Lots of things, it surprises me how busy I continue to be. I am involved in a very exciting collaboration with colleagues and PhD students that we have called Cycletree; we consider how landscape heritage can be used to deliver the aspirations of the European Landscape Convention. I am their prehistorian. There are field projects to wrap up – I am working on monographs for two field projects (in Perthshire, and Caithness) and winding down a series of excavations around the village of Dunning. My blog and urban prehistory project is a big part of what I do now, and I am developing various projects with a public-facing aspect such as working with school kids, leading walking tours, low level vandalism, planning community engagement events – plus speaking to non-archaeologists within and behind academia. Lots more too, I like being busy.


Many thanks to Kenny for taking part.

If you don’t already know his excellent blog, you can read it here.

Dr H

Click the links for more Ask an Archaeologist features and the Prehistories Contents page.





Artwork for Annihilation (by Eric Nyquist)

Our local bookshop has Dr A and me hooked on the Southern Reach Trilogy by Jeff VanderMeer.

The series is set in an unspecified point in the future, with the first book following a team of scientists as they enter the dangerous and carefully controlled Area X.

The landscape of Area X is dominated by lush vegetaion, but the ruins and remains of peoples lives and actions are to be found there too. Although she is a biologist, the narrator’s knack for observation and description would have made her an excellent archaeolgoist.

Near the start of the book, the team of scientists come across a structure – an inverted tower. Down the spiral stair case they find traces of living words written upon the walls.

The narrator describes  the writing and traces of former writing:

” there existed a ghosting of prior words…It was hard to read them – there were several overlapping strands that started and stopped and started up again. The number of such ghost scripts faded into the wall suggested this process had been ongoing for a long time.”

This passage made me think of Dr A’s paper on Irish passage tomb art. Discussing the art found inside the tombs he notes the “intense degree of superimposition” of images inside the tomb at Knowth, with primary images “providing a visual trace for subsequent reworking”.

Given a choice, I’d far rather take my chances with time travel and meeting the artists of Knowth and Newgrange than venture into Area X and risk meeting the author of the words in the tower.

Dr H





Doctor Who and the Stones of Blood

Dr A and I recently got our hands on an episode of the Stones of Blood – part of the Keys to Time series of Doctor Who featuring Tom Baker (broadcast 1978).

This has a cracking archaeology-themed storyline, which proves beyond doubt the animacy of archaeological remains.

The first two episodes are especially enjoyable. Filmed on location at the Rollright Stones, they feature a Druidic cult, a Celtic goddess, menacing corvids and two female prehistorians. What’s not to like?

I hate to give away a whole plotline, but it doesn’t take long to guess from their tendency to glow in the dark and their thirst for human blood, that there’s more to these standing stones than simple calcium carbonate.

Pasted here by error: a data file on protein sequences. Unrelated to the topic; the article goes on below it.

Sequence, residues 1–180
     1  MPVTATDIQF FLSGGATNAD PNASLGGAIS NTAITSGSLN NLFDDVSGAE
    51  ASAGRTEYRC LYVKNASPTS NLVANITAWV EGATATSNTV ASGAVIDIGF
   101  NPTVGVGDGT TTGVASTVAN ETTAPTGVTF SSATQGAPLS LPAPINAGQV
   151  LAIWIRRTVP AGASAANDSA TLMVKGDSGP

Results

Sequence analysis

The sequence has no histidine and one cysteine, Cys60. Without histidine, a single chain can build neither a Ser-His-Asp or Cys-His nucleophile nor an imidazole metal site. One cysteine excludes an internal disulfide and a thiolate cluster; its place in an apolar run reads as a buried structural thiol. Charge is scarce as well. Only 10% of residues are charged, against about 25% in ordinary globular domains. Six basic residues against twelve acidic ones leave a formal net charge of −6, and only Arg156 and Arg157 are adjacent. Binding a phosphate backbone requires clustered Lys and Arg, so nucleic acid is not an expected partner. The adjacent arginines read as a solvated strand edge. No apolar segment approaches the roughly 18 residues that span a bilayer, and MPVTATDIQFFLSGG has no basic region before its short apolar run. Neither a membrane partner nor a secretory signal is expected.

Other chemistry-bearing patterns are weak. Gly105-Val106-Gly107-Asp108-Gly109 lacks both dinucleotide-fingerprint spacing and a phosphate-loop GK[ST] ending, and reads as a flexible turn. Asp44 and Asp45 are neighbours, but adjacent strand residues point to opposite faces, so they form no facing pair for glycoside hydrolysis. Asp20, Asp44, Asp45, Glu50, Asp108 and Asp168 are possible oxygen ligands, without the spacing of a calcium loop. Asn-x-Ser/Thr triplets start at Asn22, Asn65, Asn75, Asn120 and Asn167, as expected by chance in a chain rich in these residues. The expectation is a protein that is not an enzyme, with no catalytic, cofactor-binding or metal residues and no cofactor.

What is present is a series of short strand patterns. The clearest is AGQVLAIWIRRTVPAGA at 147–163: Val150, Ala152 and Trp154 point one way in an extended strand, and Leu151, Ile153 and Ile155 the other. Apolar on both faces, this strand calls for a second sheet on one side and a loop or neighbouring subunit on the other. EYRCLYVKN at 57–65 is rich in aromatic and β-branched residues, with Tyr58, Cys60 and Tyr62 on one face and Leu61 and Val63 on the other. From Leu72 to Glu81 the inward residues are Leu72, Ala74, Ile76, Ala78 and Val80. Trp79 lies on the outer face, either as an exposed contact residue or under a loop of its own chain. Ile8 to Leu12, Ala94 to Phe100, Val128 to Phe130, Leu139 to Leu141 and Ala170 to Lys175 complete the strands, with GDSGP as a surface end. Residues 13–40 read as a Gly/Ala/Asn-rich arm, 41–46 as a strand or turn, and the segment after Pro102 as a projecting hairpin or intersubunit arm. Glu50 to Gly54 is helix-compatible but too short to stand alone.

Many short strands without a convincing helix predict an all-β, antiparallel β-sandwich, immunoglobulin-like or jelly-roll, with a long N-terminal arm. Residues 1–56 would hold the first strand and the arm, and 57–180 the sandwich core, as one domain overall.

While there’s a good deal of silliness in the episodes, there’s a good dose of atmosphere and horror too. The outfits and rituals are pretty effective and the sequence where two campers encounter the stones would have given me nightmares for days if I’d seen it when I was a child. Archaeologists – think twice before you pitch your tent too close to that stone circle…

The episodes draw on folklore relating to standing stones, name drops several genuine archaeologists and presumably draws inspiration from the pinnacle of archaeological TV drama Children of the Stones, which aired in 1977 and was filmed on location at Avebury.

Animism and animacy are topics archaeologists (including Dr A) have explored in recent years. The stones and rocks in the landscape around you now may not be randomly glowing or craving your blood, but people have recently been bombarded by beach pebbles, flung at their streets and houses by stormy seas. As the storms in SW England have demonstrated, the world around us is far from passive.

Dr H

Read more about archaeology and science fiction on the blog here.

Folklore Fridays: Torhousekie Cairn

Torhouse Stone Circle

Tourhouse Stone Circle, Photo by Gordon Hatton

Folklore Fridays return with the tale of Torhouskie Cairn (Dumfries and Galloway, Scotland).

Grinsell highlights this site as one example of how locals believed that disturbing archaeological remains also disturbed the ancient spirits that dwelt in them.

During the 19th century the cist slab from one of the cairns close to the Tourhouse Stone Circle (pictured) was removed and used to cover a water conduit. Following the slab’s reuse, numerous people claimed to have seen a light moving in the darkness, travelling from the cairn – along the route the slab had been taken – to its new resting place. Locals were then afraid to disturb or open any more tombs. However, subsequent generations seem to have been less fearful, as the RCAHMS website notes that very little remains of the cairn as “most of it has been removed to build walls”.

The stone circle itself is also associated with a piece of folklore, with the three largest stones being referred to as King Gauldus’s Tomb – this association going back to 1672. King Gauldus, or Galdus is a mythical Scottish King, who is allegedly also buried at  Cairn Holy II (also in Dumfries and Galloway).

The Historic Scotland website notes that the Torhouse stone circle is of Bronze Age date and is somewhat out of place in SW Scotland, having more in common with the recumbent stone circles of NE Scotland.